Jeremiah 34:19
The princes of Judah, and the princes of Jerusalem, the eunuchs, and the priests, and all the people of the land, which passed between the parts of the calf;
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(19) The eunuchs.—See Note on Jeremiah 29:2. They were for the most part, if not always, of alien birth (comp. Isaiah 56:3), as in the case of Ebed-melech (Jeremiah 38:7), who had become proselytes on entering the king’s service. The prominence given to them indicates that in Judah as in Assyria, and we may add, in all Oriental monarchies, they held high position in the king’s court, and had probably, like the princes of Judah and Jerusalem, enriched themselves by lending money to the poorer Israelites, and then bringing them into bondage. It is significant that here they take precedence of the priests, as in Jeremiah 29:2 of the princes.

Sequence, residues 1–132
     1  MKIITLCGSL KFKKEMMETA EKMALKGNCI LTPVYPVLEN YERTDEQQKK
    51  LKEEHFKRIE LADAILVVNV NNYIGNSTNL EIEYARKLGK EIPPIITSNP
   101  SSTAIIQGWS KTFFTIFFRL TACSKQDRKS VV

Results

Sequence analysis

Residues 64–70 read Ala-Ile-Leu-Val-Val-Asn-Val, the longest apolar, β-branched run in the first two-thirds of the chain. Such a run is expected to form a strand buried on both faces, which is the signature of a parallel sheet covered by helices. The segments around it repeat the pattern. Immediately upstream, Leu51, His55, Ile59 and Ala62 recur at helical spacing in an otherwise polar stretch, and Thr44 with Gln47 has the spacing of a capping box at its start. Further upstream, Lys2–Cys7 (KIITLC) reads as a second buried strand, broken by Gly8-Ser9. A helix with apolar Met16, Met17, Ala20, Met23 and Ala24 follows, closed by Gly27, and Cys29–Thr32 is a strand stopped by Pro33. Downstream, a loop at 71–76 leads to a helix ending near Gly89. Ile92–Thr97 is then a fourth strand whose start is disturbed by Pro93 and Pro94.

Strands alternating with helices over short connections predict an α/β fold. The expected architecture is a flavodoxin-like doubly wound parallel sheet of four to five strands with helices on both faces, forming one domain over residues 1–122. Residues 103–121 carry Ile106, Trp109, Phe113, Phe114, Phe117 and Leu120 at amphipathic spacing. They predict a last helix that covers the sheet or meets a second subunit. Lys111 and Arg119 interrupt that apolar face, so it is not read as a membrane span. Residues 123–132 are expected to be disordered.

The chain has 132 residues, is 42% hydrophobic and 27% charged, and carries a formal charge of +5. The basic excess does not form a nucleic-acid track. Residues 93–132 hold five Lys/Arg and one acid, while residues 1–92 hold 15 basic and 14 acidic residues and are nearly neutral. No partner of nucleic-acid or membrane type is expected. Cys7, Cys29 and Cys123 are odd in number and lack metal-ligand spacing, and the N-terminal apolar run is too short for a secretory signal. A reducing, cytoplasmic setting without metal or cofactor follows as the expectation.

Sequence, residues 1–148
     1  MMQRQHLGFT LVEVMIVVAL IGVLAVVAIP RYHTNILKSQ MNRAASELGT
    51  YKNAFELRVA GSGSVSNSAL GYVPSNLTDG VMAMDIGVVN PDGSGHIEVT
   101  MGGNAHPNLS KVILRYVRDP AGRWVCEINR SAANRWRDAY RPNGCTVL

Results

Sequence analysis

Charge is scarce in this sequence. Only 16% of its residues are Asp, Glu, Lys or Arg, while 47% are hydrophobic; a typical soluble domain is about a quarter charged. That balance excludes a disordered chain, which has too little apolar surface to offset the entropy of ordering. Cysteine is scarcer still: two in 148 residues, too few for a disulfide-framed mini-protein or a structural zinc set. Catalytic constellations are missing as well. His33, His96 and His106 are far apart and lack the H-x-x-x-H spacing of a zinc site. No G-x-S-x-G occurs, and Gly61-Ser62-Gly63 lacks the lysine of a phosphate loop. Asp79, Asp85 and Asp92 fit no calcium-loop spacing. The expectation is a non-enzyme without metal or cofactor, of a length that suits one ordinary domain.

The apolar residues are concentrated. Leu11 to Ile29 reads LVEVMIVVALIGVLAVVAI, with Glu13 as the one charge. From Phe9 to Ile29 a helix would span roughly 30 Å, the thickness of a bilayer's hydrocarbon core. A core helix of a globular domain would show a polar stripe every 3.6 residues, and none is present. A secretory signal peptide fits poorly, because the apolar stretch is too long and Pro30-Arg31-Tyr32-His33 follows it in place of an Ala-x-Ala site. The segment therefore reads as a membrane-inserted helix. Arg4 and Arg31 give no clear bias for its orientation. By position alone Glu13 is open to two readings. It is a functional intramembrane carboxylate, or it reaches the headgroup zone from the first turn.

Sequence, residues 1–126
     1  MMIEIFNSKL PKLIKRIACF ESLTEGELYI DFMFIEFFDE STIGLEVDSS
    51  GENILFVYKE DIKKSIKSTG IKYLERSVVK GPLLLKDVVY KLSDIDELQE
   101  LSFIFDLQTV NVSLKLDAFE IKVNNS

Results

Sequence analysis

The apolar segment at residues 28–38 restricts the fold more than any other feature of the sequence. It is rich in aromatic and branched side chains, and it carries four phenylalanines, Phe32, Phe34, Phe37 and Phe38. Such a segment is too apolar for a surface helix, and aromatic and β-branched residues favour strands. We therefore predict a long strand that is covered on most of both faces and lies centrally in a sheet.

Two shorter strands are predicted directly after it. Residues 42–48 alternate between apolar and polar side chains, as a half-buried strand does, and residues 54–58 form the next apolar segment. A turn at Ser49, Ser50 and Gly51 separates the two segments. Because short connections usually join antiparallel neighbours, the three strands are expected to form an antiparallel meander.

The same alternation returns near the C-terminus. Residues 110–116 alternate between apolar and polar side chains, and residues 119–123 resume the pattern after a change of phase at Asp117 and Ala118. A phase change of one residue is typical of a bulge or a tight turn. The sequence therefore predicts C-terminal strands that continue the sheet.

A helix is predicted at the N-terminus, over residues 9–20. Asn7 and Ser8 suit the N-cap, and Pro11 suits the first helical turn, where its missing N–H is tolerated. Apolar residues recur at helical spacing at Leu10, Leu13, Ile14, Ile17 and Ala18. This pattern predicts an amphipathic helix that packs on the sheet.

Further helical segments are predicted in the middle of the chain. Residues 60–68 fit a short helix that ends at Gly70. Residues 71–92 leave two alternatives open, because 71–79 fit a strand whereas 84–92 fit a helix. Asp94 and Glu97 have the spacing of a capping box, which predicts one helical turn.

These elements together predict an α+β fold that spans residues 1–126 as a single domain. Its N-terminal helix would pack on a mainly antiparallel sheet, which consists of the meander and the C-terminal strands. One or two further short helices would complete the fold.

Jeremiah 34:19-22. The princes of Judah, &c., (see Jeremiah 29:2,) the eunuchs — The officers belonging to the court; the priests and all the people which passed between the parts of the calf — Assenting to the solemn and awful imprecation, Let us in like manner be cut in pieces if we do not perform what we now promise. I will even give them into the hand of their enemies, &c. — God does not here threaten all the Jews, but those only who had first made, and then broken, this solemn covenant, and thereby falsified their engagements, and dealt treacherously with him. The king and nobles, and great courtiers, as well as the people, he would give into the hand of their enemies, who sought, not their wealth only, or their service, but their lives: and who should obtain what they sought; and, not content therewith, should leave their dead bodies lying unburied upon the face of the earth, a loathsome spectacle to all mankind, and an easy prey to the fowls of the heaven and the beasts of the earth. Thus doth the Lord execute justice, without respect of persons, on all that do wickedly, and who will neither be won by his mercies, nor be brought to obey him by a dread of his wrath. Behold, I will command, and cause them to return to this city — Namely, the king of Babylon’s army, which had departed for a season, having gone to meet the army of the king of Egypt. I will put it into their hearts to return, saith the Lord, to the siege, and they shall leave it no more till they have taken the city, and burned it with fire, and made the whole country desolate. The motions of armies are under the government of Divine Providence, they are all at God’s command; when he bids them come they come, and they shall certainly effect what he hath determined to be done. When we come to chapter 39. we shall read of the fulfilment of this prophecy. Observe here, reader, 1st, As an humble confidence in God is a hopeful presage of approaching deliverance, so security in sin is a sad omen of approaching destruction. 2d, When judgments are removed from a people before they have done their work, and leave them unhumbled and unreformed, they do but retreat to come on again with so much the greater force; for when God judges he will overcome. 3d, It is just with God to disappoint those expectations of mercy which his providence had excited, when we disappoint those expectations of duty which our professions, pretensions, and fair promises had given cause for. If we repent of the good we had promised, God will repent of the good he had purposed. The froward are an abomination to the Lord. With the froward he will show himself froward. 34:8-22 A Jew should not be held in servitude above seven years. This law they and their fathers had broken. And when there was some hope that the siege was raised, they forced the servants they had released into their services again. Those who think to cheat God by dissembled repentance and partial reformation, put the greatest cheat upon their own souls. This shows that liberty to sin, is really only liberty to have the sorest judgments. It is just with God to disappoint expectations of mercy, when we disappoint the expectations of duty. And when reformation springs only from terror, it is seldom lasting. Solemn vows thus entered into, profane the ordinances of God; and the most forward to bind themselves by appeals to God, are commonly most ready to break them. Let us look to our hearts, that our repentance may be real, and take care that the law of God regulates our conduct.The words ... - The Jews spoke of "cutting" a covenant, because the contracting parties cut a calf in twain and passed between the pieces. Thus cutting a covenant and cutting a calf in twain, meant the same thing.18. passed between the parts thereof—The contracting parties in the "covenant" (not here the law in general, but their covenant made before God in His house to emancipate their slaves, Jer 34:8, 9) passed through the parts of the animal cut in two, implying that they prayed so to be cut in sunder (Mt 24:51; Greek, "cut in two") if they should break the covenant (Ge 15:10, 17). No text from Poole on this verse. The princes of Judah, and the princes of Jerusalem,.... Here is a particular enumeration of the persons that had made the covenant, and transgressed it, and that should suffer for so doing; the princes of Judah, distinguished from the princes of Jerusalem, design such princes as lived without Jerusalem, in the cities of Judah, and presided over them, though now at Jerusalem, having fled thither, upon the invasion of the king of Babylon, for their safety; as the princes of Jerusalem, or the magistrates of that city, are distinguished from the princes of the blood, and from the courtiers, both in this and Jeremiah 34:21;